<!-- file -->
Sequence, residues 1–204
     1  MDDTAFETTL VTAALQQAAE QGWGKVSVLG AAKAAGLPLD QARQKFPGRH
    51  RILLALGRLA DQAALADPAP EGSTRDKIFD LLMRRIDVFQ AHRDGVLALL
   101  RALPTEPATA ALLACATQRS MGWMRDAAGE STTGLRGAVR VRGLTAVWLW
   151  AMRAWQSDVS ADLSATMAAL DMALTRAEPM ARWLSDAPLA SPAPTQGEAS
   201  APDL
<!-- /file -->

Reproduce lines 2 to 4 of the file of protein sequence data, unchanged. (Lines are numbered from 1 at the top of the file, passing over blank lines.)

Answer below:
     1  MDDTAFETTL VTAALQQAAE QGWGKVSVLG AAKAAGLPLD QARQKFPGRH
    51  RILLALGRLA DQAALADPAP EGSTRDKIFD LLMRRIDVFQ AHRDGVLALL
   101  RALPTEPATA ALLACATQRS MGWMRDAAGE STTGLRGAVR VRGLTAVWLW